This portuguese phrase is very colloquial!
Its formal form is: "Você deveria pagar suas dívidas".
As Paulo commented, "devia" (imperfect past) is commonly/informally used as a suggestion, and not as something that really happened.
I don't understand this translation of 'devia', which I take to be the imperfect. The given translations are 'have to' which I thought was 'deve' and 'should' which I thought was 'deveria' Have I missed something?
In spoken language we use devia as the same meaning of deveria, so it should fit this sentence..
Should have paid = "deveria ter pagado", this "devia" does not express past tense, even thought it, strictly speaking, is past tense.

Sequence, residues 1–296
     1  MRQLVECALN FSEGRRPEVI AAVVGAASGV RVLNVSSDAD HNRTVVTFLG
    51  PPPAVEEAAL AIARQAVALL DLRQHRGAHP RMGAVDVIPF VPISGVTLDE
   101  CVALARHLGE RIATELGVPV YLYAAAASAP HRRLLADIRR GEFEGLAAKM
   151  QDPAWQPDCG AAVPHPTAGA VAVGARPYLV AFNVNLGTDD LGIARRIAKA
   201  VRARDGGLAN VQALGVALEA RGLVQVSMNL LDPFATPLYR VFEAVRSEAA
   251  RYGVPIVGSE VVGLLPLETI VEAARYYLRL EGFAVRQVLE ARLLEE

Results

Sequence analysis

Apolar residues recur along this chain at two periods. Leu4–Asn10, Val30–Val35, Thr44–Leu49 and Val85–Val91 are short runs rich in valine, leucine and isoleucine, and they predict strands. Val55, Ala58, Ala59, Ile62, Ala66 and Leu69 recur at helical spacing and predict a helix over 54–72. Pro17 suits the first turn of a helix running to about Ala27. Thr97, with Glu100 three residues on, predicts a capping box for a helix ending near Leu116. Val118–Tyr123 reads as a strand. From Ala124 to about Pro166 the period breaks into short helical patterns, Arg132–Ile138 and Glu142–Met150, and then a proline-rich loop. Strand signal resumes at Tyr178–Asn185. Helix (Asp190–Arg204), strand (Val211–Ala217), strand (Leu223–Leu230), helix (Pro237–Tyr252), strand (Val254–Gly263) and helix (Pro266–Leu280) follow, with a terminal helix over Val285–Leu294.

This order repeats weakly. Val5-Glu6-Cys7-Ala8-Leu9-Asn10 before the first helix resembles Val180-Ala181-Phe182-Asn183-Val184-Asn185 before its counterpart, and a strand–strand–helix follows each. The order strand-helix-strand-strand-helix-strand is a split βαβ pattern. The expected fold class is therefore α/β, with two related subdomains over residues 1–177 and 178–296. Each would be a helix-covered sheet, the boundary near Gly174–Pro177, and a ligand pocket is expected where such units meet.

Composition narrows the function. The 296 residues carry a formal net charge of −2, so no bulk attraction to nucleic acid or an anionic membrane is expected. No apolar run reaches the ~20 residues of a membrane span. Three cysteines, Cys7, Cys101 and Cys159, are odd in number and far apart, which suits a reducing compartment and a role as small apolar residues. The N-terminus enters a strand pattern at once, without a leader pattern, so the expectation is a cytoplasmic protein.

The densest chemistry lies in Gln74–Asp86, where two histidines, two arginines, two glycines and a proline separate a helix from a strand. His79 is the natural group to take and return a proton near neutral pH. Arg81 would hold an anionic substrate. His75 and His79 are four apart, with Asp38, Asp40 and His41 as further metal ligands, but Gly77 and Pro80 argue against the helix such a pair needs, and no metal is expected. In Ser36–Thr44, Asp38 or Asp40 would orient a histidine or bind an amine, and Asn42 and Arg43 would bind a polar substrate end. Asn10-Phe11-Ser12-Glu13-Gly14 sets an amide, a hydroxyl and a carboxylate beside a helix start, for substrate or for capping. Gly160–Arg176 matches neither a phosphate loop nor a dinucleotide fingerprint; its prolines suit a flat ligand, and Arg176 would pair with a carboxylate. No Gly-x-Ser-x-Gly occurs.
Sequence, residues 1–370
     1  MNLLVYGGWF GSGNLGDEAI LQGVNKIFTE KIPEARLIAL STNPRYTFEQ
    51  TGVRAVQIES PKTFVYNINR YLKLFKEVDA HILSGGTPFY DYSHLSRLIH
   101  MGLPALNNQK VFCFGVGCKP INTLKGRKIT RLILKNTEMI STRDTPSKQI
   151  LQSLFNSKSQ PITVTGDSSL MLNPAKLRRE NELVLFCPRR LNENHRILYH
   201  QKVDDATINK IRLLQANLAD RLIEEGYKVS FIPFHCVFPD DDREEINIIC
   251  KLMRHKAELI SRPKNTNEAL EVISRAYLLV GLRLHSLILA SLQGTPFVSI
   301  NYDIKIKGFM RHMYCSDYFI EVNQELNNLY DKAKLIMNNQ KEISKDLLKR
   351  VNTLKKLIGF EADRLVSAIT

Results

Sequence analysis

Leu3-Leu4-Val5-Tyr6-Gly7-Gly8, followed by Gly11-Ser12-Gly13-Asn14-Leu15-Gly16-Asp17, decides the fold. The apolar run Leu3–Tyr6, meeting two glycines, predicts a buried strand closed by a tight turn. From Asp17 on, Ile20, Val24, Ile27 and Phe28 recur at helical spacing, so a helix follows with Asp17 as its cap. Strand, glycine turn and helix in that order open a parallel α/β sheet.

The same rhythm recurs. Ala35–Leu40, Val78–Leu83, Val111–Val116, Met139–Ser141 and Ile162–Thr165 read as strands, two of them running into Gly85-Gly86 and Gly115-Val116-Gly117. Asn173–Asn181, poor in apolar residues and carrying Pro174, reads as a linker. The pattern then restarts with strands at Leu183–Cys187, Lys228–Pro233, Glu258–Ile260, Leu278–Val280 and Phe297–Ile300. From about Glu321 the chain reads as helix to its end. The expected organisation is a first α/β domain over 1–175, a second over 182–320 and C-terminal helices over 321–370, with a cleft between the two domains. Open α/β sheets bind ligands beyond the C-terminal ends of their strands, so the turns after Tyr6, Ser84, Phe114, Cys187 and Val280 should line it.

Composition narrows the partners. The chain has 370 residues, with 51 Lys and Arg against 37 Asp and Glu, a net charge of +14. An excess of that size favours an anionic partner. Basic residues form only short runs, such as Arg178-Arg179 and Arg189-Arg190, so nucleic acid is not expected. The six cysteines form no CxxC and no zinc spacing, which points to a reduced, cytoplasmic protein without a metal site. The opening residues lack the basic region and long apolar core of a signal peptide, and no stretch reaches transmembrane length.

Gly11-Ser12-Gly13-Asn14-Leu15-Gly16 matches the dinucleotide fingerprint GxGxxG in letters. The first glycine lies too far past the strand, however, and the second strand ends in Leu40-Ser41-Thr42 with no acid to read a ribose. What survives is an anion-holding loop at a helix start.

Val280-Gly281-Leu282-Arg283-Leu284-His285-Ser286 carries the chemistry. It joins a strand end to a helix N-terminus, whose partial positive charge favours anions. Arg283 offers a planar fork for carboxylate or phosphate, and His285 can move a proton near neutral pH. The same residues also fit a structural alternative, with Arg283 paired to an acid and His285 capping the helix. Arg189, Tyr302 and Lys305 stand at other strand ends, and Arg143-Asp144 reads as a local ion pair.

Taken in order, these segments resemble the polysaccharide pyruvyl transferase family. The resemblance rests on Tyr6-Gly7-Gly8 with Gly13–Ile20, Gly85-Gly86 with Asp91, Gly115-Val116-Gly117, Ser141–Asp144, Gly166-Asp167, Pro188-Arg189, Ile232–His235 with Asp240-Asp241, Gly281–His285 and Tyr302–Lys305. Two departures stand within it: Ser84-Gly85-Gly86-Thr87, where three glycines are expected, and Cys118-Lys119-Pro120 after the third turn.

Both would still be translated as 'pay off' in the way we speak English in England
Is dever in the imperfect tense ever used in a strictly imperfect way, or is it only used in the manner used in the solution and the comments?
Yes. An example of owing money:
• Bill devia muito dinheiro ao banco depois de comprar a casa.
• Bill owed a lot of money to the bank after buying his house.
"O pretérito imperfeito do indicativo se refere a um fato ocorrido no passado, mas que não foi completamente terminado. Expressando, assim, uma ideia de continuidade..." https://duvidas.dicio.com.br/devia-ou-deveria